brought with yourself.

Between music and its silence,
between a shadow and its body,
between a woman and her light footprint,
you feel the path between word and silence,
and the ground on which you tread,
has taken from you a part of your journey,
when you return,
you are alone.

The birds have brought summer to end,
and rain has halted all roads,
Above an empty jug your fingers draw the strings,
your memory believes you.
You tear apart the curtain in silence,
and step,
before the very tree you have planted,
and break off a branch,
for your journey.



Note: Quite a few words in this one that have hard to find appropriate equivalents in English, two of which stand out to me. The first is 'between word and silence' - silence comes from the word 'molk', not 'tišina'. Molk is a used specifically for silence due to the absence of speech. The second is 'your fingers draw the strings' - in the same way one would draw ('napeti') a bow string but the strings in this case are specifically instrument strings ('strune').


Gozd in gora poj,
silen ženimo hrup,
uboga gmajna, le vpup, le vkup,
le vkup, le vkup z menoj,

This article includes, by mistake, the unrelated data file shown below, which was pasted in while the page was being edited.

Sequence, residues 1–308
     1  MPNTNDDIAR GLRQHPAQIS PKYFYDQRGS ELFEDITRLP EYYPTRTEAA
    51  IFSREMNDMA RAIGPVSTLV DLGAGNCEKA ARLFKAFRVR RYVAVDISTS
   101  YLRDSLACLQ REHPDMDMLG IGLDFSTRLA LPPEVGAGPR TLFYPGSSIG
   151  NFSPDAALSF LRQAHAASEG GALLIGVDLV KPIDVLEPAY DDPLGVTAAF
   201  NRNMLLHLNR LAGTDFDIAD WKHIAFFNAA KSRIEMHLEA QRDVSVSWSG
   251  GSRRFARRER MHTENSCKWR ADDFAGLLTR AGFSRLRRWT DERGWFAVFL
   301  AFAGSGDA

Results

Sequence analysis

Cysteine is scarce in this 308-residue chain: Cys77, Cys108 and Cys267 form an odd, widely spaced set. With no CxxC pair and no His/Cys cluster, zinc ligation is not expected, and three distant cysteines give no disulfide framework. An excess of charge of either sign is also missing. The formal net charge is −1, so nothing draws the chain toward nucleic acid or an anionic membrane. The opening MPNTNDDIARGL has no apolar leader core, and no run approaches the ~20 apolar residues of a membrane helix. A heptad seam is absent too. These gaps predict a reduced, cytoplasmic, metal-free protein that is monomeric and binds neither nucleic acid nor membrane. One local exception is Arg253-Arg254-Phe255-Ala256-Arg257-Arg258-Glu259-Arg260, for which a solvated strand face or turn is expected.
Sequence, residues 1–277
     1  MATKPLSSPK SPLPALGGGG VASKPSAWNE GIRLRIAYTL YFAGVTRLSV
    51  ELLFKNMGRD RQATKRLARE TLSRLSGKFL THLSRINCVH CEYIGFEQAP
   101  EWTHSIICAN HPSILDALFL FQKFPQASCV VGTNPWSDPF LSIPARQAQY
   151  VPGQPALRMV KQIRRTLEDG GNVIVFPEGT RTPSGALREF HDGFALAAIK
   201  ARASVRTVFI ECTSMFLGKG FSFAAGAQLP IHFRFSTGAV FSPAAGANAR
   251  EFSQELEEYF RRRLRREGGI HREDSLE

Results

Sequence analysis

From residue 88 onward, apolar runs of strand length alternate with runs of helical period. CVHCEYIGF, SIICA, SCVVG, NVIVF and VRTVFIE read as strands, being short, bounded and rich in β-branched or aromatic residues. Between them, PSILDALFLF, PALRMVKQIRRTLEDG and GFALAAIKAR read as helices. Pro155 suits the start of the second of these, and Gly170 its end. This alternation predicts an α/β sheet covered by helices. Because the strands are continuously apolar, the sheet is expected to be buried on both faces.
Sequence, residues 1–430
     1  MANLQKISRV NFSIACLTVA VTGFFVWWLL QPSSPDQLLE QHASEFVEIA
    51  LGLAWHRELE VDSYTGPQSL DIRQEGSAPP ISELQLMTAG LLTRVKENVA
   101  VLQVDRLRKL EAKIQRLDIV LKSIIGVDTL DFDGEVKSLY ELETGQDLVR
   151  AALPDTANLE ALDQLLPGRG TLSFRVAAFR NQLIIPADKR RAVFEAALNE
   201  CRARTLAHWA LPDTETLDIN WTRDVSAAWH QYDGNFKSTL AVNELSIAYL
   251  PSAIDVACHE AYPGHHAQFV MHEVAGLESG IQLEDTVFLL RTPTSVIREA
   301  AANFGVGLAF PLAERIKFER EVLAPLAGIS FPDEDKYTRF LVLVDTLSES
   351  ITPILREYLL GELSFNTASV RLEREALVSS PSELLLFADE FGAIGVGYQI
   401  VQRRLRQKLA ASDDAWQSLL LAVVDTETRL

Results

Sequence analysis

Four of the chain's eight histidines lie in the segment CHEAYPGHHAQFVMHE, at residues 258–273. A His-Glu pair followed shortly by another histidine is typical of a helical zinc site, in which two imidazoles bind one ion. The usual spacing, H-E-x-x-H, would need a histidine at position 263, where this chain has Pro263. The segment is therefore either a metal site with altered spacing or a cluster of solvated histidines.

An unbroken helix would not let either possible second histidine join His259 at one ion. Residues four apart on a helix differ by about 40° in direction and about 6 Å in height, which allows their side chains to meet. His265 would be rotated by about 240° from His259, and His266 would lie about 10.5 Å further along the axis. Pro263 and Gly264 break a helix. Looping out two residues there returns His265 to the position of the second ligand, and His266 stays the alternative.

staro pravdo v mrak tulimo,
da se pretulimo skozi to zimo
#18
bare peng
dirtbag ballet by the bins down the alley
as i walk through the chalet of the shadow of death
everything that you've come to expect


#21
no loitering


Gozd in gora poj,
silen ženimo hrup,
uboga gmajna, le vpup, le vkup,
le vkup, le vkup z menoj,
staro pravdo v mrak tulimo,
da se pretulimo skozi to zimo
#22
Quote by JamSessionFreak
Note: Quite a few words in this one that have hard to find appropriate equivalents in English, two of which stand out to me. The first is 'between word and silence' - silence comes from the word 'molk', not 'tišina'. Molk is a used specifically for silence due to the absence of speech. The second is 'your fingers draw the strings' - in the same way one would draw ('napeti') a bow string but the strings in this case are specifically instrument strings ('strune').

I like these notes, because they describe exactly what I like about translation

Just out of curiosity, do people actively differentiate between molk and tišina, or is it one of those cases where molk would be more correct but tišina would fit the purpose as well (maybe as hyperonym)? If so, is one of the words slowly becoming used less and less?

For example, we have 'stilte' and words like 'zwijgzaamheid' in Dutch, where 'stilte' is just silence in general, and 'zwijgzaamheid' means a silence because no one's saying anything. The latter you will pretty much never hear though, unless you're a 70 year old writer or are actively going for a sort of pompous style (or perhaps if you're Flemish).
#23